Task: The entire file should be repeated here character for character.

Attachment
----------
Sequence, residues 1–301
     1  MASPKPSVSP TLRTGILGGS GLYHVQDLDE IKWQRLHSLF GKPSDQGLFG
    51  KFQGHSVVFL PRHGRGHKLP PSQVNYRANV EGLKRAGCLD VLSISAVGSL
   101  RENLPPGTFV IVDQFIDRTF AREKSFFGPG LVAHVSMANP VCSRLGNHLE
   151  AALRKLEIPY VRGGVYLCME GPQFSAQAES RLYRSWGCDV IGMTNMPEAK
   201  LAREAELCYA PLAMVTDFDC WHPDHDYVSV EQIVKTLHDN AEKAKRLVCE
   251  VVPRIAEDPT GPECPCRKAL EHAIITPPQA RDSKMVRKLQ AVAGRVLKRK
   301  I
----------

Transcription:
Sequence, residues 1–301
     1  MASPKPSVSP TLRTGILGGS GLYHVQDLDE IKWQRLHSLF GKPSDQGLFG
    51  KFQGHSVVFL PRHGRGHKLP PSQVNYRANV EGLKRAGCLD VLSISAVGSL
   101  RENLPPGTFV IVDQFIDRTF AREKSFFGPG LVAHVSMANP VCSRLGNHLE
   151  AALRKLEIPY VRGGVYLCME GPQFSAQAES RLYRSWGCDV IGMTNMPEAK
   201  LAREAELCYA PLAMVTDFDC WHPDHDYVSV EQIVKTLHDN AEKAKRLVCE
   251  VVPRIAEDPT GPECPCRKAL EHAIITPPQA RDSKMVRKLQ AVAGRVLKRK
   301  I